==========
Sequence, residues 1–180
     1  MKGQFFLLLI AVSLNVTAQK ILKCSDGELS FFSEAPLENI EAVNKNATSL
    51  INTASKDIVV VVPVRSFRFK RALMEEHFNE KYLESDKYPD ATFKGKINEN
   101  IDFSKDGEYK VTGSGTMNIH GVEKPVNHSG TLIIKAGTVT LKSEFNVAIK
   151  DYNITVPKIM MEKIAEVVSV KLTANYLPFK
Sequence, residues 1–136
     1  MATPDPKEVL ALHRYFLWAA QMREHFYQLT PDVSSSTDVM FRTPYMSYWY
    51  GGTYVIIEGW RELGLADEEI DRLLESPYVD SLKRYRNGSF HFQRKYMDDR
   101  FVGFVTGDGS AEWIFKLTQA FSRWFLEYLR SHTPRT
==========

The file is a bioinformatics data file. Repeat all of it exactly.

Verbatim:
Sequence, residues 1–180
     1  MKGQFFLLLI AVSLNVTAQK ILKCSDGELS FFSEAPLENI EAVNKNATSL
    51  INTASKDIVV VVPVRSFRFK RALMEEHFNE KYLESDKYPD ATFKGKINEN
   101  IDFSKDGEYK VTGSGTMNIH GVEKPVNHSG TLIIKAGTVT LKSEFNVAIK
   151  DYNITVPKIM MEKIAEVVSV KLTANYLPFK
Sequence, residues 1–136
     1  MATPDPKEVL ALHRYFLWAA QMREHFYQLT PDVSSSTDVM FRTPYMSYWY
    51  GGTYVIIEGW RELGLADEEI DRLLESPYVD SLKRYRNGSF HFQRKYMDDR
   101  FVGFVTGDGS AEWIFKLTQA FSRWFLEYLR SHTPRT